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I just inherited this a single linux box running pop/smtp for a small office (25 users). I'm new to Linux. I think the box is running Debian GNU/Linux 5.0 as the server (this is bannered accross the screen occassionally) but not sure of the release/kernal/build etc. I need to be certain of both the server os and email linux versions in order to perform research, admin and support. Any help/pointers on how to do this is much appreciated.

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up vote 1 down vote accepted

My first knee-jerk reaction is that you should speak with the powers that be and make a plan to replace this machine. It may sound extreme, but when you inherit any environment you don't exhaustively understand you have two choices: Learn it inside and out and produce documentation, or replace it with a (well-documented) system you understand fully.
Mail in particular is full of headaches and pitfalls, and in my experience a known-good, clean mail system is easier to troubleshoot than one that you inherited.

To answer your actual question:

  • uname -a will give you the kernel version (and architecture) you're running
  • cat /etc/debian_version will give you the Debian release name
  • dpkg -l will give you a list of all installed packages
    Assuming the machine was built "The Debian Way" your mail (POP/IMAP/SMTP) software will show up there, as well as lots of other stuff you should be aware of.

Also take care to consider any webmail application that they have running (this may not be a Debian package, but the webmail UI usually tells you what software it is & you can poke around in the filesystem to find where it lives), and any mailing list software (majordomo, ezmlm, etc.) if they're using it.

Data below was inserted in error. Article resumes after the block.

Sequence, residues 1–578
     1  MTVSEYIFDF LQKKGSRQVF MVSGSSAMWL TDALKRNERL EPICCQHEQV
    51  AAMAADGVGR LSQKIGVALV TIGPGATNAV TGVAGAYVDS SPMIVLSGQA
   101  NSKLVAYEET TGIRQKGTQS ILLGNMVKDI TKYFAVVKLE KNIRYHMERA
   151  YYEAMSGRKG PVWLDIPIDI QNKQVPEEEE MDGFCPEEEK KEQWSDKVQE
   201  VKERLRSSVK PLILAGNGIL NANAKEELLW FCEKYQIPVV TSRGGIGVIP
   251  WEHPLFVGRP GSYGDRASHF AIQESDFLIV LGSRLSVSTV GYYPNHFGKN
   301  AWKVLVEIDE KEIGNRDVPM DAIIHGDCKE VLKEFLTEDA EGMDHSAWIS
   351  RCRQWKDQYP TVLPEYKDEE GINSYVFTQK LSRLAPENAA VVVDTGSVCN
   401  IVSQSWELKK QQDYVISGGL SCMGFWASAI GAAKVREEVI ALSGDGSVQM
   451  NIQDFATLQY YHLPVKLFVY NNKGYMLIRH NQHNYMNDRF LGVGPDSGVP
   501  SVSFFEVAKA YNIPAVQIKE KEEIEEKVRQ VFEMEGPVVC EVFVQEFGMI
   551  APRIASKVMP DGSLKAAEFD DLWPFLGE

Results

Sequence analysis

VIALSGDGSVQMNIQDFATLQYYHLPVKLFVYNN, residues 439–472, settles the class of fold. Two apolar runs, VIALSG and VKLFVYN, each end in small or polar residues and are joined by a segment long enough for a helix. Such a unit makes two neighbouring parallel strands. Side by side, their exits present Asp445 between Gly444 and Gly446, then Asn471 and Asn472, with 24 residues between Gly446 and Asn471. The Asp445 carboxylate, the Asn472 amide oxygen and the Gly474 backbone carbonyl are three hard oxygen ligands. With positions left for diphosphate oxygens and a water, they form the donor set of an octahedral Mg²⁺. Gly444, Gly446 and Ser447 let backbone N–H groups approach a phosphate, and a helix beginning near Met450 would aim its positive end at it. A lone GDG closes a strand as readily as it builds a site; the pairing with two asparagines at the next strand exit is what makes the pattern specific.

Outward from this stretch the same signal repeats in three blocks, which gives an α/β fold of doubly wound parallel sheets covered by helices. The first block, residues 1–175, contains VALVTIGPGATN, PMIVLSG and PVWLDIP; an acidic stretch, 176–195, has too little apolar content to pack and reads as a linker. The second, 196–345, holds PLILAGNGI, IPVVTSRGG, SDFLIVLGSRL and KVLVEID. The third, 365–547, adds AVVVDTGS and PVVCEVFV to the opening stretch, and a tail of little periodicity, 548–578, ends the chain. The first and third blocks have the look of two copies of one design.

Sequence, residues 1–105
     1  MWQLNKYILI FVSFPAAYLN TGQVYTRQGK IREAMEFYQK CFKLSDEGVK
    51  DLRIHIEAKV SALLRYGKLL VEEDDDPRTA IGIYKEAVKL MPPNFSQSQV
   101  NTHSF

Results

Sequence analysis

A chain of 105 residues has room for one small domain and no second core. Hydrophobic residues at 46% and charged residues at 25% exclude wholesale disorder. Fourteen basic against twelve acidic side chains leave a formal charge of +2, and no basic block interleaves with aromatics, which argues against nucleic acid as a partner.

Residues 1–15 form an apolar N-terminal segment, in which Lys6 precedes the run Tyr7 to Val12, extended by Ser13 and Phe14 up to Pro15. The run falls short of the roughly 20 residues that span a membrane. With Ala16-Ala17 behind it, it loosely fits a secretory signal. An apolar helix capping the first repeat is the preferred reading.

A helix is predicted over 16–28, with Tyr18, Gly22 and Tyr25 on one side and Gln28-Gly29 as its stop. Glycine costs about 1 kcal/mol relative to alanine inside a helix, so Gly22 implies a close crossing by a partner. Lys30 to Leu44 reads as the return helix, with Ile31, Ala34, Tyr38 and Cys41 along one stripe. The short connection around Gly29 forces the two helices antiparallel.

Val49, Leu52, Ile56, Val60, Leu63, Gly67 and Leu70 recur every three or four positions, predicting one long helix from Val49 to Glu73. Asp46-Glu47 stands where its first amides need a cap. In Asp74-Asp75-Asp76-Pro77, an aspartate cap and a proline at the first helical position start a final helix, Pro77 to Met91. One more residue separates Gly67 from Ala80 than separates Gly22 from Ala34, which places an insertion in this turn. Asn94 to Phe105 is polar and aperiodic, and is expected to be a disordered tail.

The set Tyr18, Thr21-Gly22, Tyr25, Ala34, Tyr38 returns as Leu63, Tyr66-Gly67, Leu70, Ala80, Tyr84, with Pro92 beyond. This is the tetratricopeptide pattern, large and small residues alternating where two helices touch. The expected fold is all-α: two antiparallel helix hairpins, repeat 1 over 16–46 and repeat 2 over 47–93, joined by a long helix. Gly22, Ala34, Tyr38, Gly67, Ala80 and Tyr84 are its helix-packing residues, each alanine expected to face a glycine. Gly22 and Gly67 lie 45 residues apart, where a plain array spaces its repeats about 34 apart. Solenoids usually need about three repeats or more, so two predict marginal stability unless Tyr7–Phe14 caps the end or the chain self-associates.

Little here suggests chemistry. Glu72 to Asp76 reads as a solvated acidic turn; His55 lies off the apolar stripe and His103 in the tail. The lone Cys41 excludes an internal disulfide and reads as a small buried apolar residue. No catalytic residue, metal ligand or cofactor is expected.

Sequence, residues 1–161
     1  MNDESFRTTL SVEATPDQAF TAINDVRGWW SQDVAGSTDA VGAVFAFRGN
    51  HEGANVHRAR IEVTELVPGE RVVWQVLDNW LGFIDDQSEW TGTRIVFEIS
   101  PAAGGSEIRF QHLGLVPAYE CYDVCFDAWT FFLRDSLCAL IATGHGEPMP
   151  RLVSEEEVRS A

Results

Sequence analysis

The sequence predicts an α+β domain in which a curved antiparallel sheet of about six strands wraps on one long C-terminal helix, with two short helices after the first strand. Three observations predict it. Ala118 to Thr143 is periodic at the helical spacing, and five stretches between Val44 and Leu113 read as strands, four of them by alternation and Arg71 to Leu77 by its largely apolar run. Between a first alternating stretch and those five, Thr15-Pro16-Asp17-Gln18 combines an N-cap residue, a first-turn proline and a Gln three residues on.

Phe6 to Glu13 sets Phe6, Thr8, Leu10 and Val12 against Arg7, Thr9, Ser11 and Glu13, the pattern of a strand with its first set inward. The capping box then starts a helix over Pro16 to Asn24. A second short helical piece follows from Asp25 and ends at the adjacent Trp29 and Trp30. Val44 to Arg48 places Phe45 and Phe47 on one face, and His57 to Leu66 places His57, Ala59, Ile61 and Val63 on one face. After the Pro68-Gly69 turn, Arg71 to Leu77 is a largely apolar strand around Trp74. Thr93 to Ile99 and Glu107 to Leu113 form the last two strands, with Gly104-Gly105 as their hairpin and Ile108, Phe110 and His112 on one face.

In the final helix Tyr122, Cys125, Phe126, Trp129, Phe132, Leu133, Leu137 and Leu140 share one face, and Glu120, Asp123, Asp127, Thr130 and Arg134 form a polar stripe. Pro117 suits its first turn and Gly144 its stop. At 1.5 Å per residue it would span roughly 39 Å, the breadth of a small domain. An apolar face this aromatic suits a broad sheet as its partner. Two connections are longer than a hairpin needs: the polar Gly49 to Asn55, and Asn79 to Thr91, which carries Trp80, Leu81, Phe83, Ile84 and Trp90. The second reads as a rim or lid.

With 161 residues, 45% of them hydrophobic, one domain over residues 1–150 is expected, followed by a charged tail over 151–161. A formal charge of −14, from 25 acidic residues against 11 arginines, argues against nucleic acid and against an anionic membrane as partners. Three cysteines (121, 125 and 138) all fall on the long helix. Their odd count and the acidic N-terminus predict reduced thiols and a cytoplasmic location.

There are also Linux Standard Base tools that give you this info (and more), but I don't know them off the top of my head, and they may not be installed on your machine anyway -- Someone else on here can probably point you at those tools.

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"uname -a" and "cat /etc/debian_version" worked, but the second one gave me the info looking for which was "Debian Version 5.0.2" – rwilkins May 24 '10 at 19:04
"dpkg -l" also worked. thanks for the other comments as well.....i would agree. thanks very much for the help! – rwilkins May 24 '10 at 19:06

To discover which Linux flavor you're running, type the following commands:

 ls -al /etc/*release
 cat /etc/*release

 ls -la /etc/*version
 cat /etc/*version

Depending on which Linux flavor you're running, you'll have a file that match one of above criteria, telling the Linux version. For example, RedHat has a /etc/redhat-release and Debian has a /etc/debian_version.

To see the kernel version use uname:

uname -a

To discover which mail server is running, type:

netstat -tunap | grep LIST | grep ":25"

This will show you what process is listening on the SMTP port.

Hope this helps.

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+1 for using netstat to find out what's actually listening on port 25 (or anywhere else for that matter); That will come in handy for doing a preliminary audit of the system... – voretaq7 May 19 '10 at 17:32
"uname -a" was helpful the others were not or I don't know enough to realize it....which is entirely possible....thanks for you help – rwilkins May 24 '10 at 19:02

on some systems, there is also lsb_release -a

sherry [cpbills]$ lsb_release -a
No LSB modules are available.
Distributor ID: Debian
Description:    Debian GNU/Linux testing (squeeze)
Release:        testing
Codename:       squeeze

you can also do telnet localhost 25 to read the banner for your mail server.

uname -a will print all the uname data, which will be your kernel, when it was built, your hostname, etc.

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"telnet localhost 25" did the trick but it put me into some kind of use mode. the server is using postfix. thanks for your help. – rwilkins May 24 '10 at 18:57
Right, you're actually connecting to the server. You can google for 'how to send mail telnet' to learn more about it. You can disconnect by typing 'quit' or using ctrl+] – cpbills May 24 '10 at 19:46

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